Dance hall

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Dance halls were common in the Old West. This photograph shows customers and staff at Hovey's Dance Hall in Clifton, Arizona, in 1884. The famous author Anton Mazzanovich is standing next to the tree at right.
This article is about a place for dancing. For other uses, see Dance hall (disambiguation).

Dance hall in its general meaning is a hall for dancing. From the earliest years of the twentieth century until the early 1960s, the dance hall was the popular forerunner of the discothèque or nightclub. The majority of towns and cities in the West had at least one dance hall, and almost always featured live musicians playing a range of music from strict tempo ballroom dance music to big band, swing and jazz. One of the most famous dance hall musicians was Glenn Miller.

Other structural forms of dance halls include the dance pavilion which has a roof but no walls, and the open-air platform which has no roof or walls. The open air nature of the dance pavilion was both a feature and a drawback. The taxi dance hall is a dance hall with a specific arrangement, wherein the patrons hire hall employees to dance with them.

Starting in the early 1930s, The Savoy, a dance hall in Harlem (an African-American neighborhood in New York City) was the first truly integrated building in the United States — for both the dancers and the musicians. "We didn't care about the color of your skin. All we wanted to know was: Can you dance?"[1]

The early days of rock n' roll were briefly played out in dance halls until they were superseded by nightclubs.

In Texas[edit]

Texas has a high concentration of community dance halls, the largest number of them built by German and Czech immigrants.[2][3][4][5][6][7]

In Ireland[edit]

Until the early 20th century, Irish music was usually only played in people's homes, but after 1922 (when Ireland gained its independence from Great Britain), Irish music flourished, and crossroads dancing became very popular.[citation needed] It drew together larger groups of people and were main social events, particularly in western areas.[citation needed]

During the 1930s, the dance hall became the place to enjoy Irish music and dance. The 'Ceilí Band' also emerged during this time. From the 1950s until the 1990s, Irish showbands became the most popular form of entertainment across the island. Showbands like the Dixies, the Royal, the Miami, Dickie Rock, Big Tom, Gloria, Mama's Boys, Mick Flavin and hundreds of other bands traveled throughout Ireland, often performing in ballrooms, hotels, dance halls, marquees and parochial halls.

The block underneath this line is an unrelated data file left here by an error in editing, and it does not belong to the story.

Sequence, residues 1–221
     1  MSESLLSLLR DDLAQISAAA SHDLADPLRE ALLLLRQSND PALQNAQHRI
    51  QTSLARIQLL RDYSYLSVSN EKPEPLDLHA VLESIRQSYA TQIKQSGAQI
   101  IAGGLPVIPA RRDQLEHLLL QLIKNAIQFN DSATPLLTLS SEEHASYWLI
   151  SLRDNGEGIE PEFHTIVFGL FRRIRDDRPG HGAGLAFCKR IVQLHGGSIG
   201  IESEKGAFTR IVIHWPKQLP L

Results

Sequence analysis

Most of today's popular music in Ireland can trace its roots back to the country's "showband era". Prior to the showbands, most "bands" in Ireland in the early 1950s were similar to the big bands of the 1940s. They usually had ten or twelve musicians who sat behind music stands led by a band leader. They played the Irish dance circuit which was mostly made up of some ballrooms and the parochial halls that dotted the island.[8]

At the high point of popularity, there were hundreds of ballrooms, not only located in the cities, but spread across the country, often located "in the middle of nowhere" or often just where two country roads crossed paths. Some traditional Irish dance halls are popular venues for the Irish in large cities such as London.[9]

In Sweden and Finland[edit]

In Sweden and Finland, open air dance pavilions have been used mostly in summer, but especially in Finland some have also been built to be used throughout the year. Especially formerly the dance pavilions were often built at sites with beautiful landscape, for example by the lakes.[10][11]

See also[edit]


  1. ^ Burns, Ken. Jazz (2001), TV documentary
  2. ^ Folkins, Gail. "Texas Dance Halls: History, Culture, and Community", Journal of Texas Music History, Volume 6, Issue 1, 2006.
  3. ^ Whitson, Krista. Alter, Kevin, ed. "Dance Halls of Central Texas: Pre-World War II Wooden Structures". Austin, 2005. First in-depth survey of the dance halls populating central Texas. Documents 72 of these structures within a 150-mile radius of Austin through photographs and drawings
  4. ^ Treviño, Geronimo III. Dance Halls and Last Calls: A History of Texas Country Music. Republic of Texas Press, 2002.
  5. ^
  6. ^ Kolar, Roger Henry. Early Czech dance halls in Texas, 1975.
  7. ^ Austin County Historical Commission, ed. Dance Halls of Austin County, Bellville: Austin County Historical Commission, 1993.
  8. ^
  9. ^
  10. ^ Hakulinen, Kerkko; Yli-Jokipii, Pentti. Tanssilavakirja: tanssista, lavoista ja lavojen tansseista. Helsinki: AtlasArt, 2007. ISBN 978-952-5671-07-0 (Finnish)
  11. ^ Yli-Jokipii, Pentti. "Changes in local communities: The cultural geography of Finnish open-air dance pavilions". Fennia 174:2. Helsinki: Geographical Society of Finland, 1996.

External links[edit]

  • Dance Halls at Encyclopedia of Oklahoma History and Culture